vat flat rate scheme

VAT Flat Rate Scheme 2023

When using VFRS, it is mandatory for businesses to pay VAT on both their sales and purchases. Some companies have the ability to utilize the (VFRS) VAT Flat Rate Scheme, which is a simplified method of accounting for value-added tax.

Purpose of VAT Flat Rate Scheme 

Flat Rate Percentage: The tax authority designated a set flat rate percentage for each industry or trade group. This flat rate % accounts for the typical VAT liability of companies operating in that industry. For instance, a restaurant might charge a flat rate percentage of 12%, while a construction company might charge 9%.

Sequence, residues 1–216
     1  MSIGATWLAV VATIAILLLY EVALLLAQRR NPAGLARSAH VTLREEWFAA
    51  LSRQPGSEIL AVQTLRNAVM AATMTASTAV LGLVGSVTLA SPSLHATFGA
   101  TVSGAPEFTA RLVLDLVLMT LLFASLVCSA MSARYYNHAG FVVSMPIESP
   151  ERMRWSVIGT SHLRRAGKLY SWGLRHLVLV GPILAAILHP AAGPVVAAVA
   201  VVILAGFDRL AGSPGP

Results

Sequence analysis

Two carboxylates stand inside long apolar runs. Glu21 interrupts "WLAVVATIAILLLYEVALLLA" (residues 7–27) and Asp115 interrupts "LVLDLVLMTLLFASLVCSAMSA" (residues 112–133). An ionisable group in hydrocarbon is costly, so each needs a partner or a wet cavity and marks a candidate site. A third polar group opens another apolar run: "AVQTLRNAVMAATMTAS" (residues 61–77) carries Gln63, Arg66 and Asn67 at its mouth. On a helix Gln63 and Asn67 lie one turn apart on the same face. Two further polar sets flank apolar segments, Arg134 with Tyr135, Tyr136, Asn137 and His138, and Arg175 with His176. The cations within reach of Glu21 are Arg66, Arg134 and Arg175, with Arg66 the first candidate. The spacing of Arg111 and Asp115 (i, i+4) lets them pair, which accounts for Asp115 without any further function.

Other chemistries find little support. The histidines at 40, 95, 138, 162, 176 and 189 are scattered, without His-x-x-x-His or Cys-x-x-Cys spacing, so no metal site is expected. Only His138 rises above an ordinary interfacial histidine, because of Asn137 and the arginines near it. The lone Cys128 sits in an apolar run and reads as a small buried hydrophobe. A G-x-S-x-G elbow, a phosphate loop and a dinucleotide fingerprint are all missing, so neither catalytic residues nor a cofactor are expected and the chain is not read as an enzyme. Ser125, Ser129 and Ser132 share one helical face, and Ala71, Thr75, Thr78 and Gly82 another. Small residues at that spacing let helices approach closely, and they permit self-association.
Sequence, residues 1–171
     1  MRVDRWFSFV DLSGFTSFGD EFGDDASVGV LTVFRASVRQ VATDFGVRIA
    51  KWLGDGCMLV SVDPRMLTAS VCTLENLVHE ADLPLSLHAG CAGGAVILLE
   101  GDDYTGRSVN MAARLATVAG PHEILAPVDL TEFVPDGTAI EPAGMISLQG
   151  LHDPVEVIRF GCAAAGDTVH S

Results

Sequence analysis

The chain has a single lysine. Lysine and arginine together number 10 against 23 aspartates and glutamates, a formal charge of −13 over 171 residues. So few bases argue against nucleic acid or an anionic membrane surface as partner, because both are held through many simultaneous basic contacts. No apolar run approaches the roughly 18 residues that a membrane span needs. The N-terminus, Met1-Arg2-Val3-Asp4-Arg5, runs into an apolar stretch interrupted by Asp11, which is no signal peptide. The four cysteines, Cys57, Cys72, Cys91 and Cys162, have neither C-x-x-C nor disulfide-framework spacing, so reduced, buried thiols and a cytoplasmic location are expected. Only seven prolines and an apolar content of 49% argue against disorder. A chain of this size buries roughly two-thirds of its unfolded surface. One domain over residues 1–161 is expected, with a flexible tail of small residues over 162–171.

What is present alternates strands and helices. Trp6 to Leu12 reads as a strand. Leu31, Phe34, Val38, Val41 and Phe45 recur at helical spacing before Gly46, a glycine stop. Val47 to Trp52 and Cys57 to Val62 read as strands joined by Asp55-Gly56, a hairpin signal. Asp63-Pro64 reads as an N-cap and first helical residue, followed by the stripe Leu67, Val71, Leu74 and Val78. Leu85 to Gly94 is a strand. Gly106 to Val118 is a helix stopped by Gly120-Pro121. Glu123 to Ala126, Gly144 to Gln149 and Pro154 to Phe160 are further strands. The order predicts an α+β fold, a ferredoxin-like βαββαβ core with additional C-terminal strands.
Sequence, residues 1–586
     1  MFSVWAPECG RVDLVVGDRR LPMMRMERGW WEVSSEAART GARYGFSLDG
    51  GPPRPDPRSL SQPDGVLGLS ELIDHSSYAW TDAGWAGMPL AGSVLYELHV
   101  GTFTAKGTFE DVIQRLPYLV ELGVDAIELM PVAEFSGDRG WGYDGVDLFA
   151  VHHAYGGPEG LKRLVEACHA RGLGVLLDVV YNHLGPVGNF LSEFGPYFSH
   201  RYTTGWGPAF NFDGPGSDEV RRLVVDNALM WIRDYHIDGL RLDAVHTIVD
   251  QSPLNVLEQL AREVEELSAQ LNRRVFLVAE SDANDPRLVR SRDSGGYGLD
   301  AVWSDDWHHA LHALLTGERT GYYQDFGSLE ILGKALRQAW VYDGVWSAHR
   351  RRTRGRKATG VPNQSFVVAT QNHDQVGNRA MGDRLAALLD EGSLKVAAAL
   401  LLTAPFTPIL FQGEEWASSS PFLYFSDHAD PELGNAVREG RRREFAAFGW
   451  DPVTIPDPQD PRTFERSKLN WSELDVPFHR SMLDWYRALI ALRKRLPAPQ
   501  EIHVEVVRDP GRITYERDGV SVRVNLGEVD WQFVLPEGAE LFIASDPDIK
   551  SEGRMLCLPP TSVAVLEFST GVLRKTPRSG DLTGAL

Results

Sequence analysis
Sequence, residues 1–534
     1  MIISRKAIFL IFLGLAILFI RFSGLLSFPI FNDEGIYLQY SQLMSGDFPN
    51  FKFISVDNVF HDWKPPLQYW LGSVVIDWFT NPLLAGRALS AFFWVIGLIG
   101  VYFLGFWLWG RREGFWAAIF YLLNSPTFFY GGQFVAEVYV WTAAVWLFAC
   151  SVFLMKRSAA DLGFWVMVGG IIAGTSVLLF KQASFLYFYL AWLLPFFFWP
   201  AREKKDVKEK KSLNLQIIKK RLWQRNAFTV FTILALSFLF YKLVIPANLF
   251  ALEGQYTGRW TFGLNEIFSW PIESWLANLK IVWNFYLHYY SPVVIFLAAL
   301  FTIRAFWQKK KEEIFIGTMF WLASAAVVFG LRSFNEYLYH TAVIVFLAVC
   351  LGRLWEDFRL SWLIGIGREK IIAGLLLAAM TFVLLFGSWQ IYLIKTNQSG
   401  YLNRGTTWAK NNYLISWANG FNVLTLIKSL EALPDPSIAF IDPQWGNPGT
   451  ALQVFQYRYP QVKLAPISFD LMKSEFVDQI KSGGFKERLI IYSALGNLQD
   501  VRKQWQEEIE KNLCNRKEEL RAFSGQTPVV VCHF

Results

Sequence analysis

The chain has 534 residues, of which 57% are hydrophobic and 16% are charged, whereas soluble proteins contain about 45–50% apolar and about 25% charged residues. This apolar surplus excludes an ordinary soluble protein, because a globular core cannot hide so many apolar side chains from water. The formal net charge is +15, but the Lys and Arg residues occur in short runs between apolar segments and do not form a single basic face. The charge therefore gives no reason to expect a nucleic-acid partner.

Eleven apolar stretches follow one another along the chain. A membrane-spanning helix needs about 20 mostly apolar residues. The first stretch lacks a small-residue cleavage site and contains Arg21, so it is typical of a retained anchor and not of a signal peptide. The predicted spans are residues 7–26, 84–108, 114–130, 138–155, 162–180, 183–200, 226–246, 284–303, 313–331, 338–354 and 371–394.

By applying the Flat Rate percentage to its gross revenue, which includes VAT, a business employing the VFRS determines its liability. The company is not required to separately compute input and output tax (sale) or account for VAT on individual sales and purchases.

Simplified VAT returns

Companies using the VFRS submit streamlined returns by disclosing their gross revenue and the flat rate VAT due based on the relevant flat rate percentage. Compared to the traditional VAT accounting scheme, which necessitates input and output tax records, this streamlines the administrative process.

Limited Input Tax Recovery